The majority of composers for computer games also work on Cubase, including Yonathan Zur (the Hans Zimmer of the computer games domain, and an Israeli like us!), among others.

 

So, what are the advantages of Cubase? Cubase is a spaceship with an endless array of features continually being added. For example, Time Warp, VariAudio, or the Control Room, which no other software has. Support for Dolby Atmos starting from Cubase 12, expression map, in short, a sea of advanced features not found in any other software. Learning everything in Cubase is a real life endeavor, and you'll always discover another cool feature you didn't know existed, making your life easier (this still happens to me, and I've been on Cubase for about 15 years).

 

And what are its drawbacks? The price – as of December 2021, Cubase Pro 11 costs 682 euros, and each annual update usually costs either 60 euros or 100 euros if you switch to a new version (for example, from 10 to 11).

 

Crashes – it's challenging to truly know this, but some claim that Cubase crashes more than other production programs. I can personally attest that Cubase crashes for me quite a bit, and I have a new and powerful computer. However, it could also be because of plugins from other companies (3rd party plugins) that don't adapt well and cause Cubase to crash.

 

I personally work on Cubase 99% of the time and recommend it to anyone who doesn't have a Mac on Logic Pro. (And no one is paying me to write this here 😊).

 

That's it. Here's a summary of the recommended music production software (DAWs) today:

 

5. Fifth Place – Pro Tools

4. Fourth Place – Studio One

3. Third Place – Ableton Live

2. Second Place – Logic Pro

1. First Place – Cubase Pro

 

And to conclude, a few personal tips from me:

 

* Don't fall into this FOMO that we all have, constantly wanting to switch from one software to another.

* Learn one software in-depth, and that's it. Each of the programs on this list is a world unto itself.

* It's much more important to know music, know how to compose, and know how to write good music than to know every feature in Cubase.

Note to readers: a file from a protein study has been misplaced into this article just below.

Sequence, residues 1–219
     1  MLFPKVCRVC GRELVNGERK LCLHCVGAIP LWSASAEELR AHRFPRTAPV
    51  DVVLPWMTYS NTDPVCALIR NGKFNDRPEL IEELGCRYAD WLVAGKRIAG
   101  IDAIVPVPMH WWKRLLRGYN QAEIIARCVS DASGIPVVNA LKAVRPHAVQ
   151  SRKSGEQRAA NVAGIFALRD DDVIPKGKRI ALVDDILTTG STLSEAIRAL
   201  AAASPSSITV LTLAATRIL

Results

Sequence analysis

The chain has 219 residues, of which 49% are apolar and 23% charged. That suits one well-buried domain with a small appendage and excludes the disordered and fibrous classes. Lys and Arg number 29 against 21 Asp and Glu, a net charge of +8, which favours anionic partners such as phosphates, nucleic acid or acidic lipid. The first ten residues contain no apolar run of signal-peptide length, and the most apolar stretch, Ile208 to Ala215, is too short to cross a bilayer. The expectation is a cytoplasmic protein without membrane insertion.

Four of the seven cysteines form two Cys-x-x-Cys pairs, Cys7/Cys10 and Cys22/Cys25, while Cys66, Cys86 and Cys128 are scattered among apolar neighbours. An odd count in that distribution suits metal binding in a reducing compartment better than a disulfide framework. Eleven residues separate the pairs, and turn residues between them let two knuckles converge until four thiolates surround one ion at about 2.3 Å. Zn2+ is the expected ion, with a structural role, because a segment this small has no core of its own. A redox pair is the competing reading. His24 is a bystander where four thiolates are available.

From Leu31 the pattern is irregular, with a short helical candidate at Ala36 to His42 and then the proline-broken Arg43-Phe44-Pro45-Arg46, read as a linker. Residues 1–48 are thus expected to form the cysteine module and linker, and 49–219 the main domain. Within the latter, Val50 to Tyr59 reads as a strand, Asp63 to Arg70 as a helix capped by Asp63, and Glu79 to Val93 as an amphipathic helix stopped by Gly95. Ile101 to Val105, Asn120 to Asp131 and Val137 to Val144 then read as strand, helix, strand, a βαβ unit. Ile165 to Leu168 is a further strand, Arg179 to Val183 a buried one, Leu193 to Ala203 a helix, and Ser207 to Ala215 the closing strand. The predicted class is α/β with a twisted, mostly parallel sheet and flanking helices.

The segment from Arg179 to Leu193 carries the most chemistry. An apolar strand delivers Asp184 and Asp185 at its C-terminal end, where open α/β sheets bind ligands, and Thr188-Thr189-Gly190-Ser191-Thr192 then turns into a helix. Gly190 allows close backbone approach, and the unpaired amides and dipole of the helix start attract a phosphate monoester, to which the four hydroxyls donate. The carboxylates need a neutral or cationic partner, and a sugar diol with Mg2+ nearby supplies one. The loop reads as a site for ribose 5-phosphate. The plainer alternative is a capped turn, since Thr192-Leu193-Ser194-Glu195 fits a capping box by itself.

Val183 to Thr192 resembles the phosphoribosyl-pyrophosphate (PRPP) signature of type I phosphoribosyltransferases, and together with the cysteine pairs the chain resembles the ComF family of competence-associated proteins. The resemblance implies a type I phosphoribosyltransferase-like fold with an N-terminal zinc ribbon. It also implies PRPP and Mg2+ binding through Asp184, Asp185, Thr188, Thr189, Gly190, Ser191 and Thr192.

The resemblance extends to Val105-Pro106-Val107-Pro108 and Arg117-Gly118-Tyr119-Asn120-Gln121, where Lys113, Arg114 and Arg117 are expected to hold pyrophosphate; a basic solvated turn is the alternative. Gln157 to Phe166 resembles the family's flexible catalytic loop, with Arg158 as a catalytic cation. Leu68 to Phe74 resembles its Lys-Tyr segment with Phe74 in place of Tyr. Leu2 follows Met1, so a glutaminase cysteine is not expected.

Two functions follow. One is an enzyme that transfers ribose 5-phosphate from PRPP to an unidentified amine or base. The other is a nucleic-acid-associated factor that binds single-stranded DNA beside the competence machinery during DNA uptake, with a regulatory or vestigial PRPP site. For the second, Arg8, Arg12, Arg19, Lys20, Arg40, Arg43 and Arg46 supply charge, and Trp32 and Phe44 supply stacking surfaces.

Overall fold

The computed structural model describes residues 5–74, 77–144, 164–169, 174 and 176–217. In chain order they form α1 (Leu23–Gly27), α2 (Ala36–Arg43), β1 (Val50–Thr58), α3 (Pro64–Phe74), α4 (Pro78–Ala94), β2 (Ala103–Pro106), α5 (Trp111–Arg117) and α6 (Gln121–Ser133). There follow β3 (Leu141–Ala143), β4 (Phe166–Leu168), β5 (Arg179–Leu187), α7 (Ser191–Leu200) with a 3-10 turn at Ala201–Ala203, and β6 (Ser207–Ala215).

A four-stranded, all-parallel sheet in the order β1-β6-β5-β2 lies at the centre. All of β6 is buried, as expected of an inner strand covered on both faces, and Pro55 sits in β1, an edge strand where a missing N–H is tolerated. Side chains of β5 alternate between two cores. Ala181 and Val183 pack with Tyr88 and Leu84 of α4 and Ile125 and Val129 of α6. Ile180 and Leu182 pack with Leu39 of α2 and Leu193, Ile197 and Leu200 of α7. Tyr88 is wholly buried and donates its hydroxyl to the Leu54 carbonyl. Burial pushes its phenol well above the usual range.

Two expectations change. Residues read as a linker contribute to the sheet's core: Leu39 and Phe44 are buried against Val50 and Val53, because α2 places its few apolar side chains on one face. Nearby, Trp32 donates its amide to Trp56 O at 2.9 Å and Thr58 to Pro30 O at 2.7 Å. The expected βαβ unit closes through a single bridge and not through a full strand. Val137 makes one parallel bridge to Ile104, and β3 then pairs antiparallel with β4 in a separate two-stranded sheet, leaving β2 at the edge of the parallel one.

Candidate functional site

* What will make your music better and more interesting is not another feature in Ableton, but your ears and what's between them – your brain.

 

Or as I wrote at the beginning:

 

The choice of your production software is not significant! Whether you're working on Cubase, Logic, Ableton Live, or others, what matters is the music itself and your production skills!

 

So, go on and start making good music!

 

Bonus for the summary – here's a trailer piece I composed as library music, featured throughout the 2021 trailer for the Chinese film:




 

"The Curious Tale of Mr. Guo (2021) 不老奇事 - Movie Trailer - Far East Films"

 

Music by Amit Weiner & Amir Gurvitz. The Album was published by Universal Production Music, 2021.


Is it your first time here on this blog?





My name is Prof. Amit Weiner, a composer for film and TV and pianist, proudly leading the cross-disciplinary composition department at the globally recognized Jerusalem Academy of Music and Dance.

I’m on a mission to help musicians find career opportunities and help musicians find their way in the huge world of the music industry.

With two decades of active composition experience, I find immense joy in teaching and sharing my knowledge and experiences.

My music is published by Universal, Sony, Warner, Megatrax, and more and I have received the Prime Minister's Prize for Composers in 2022.

I'm confident you'll not only enjoy but also find immense value in the content!



Comentários


Spotify.png
bottom of page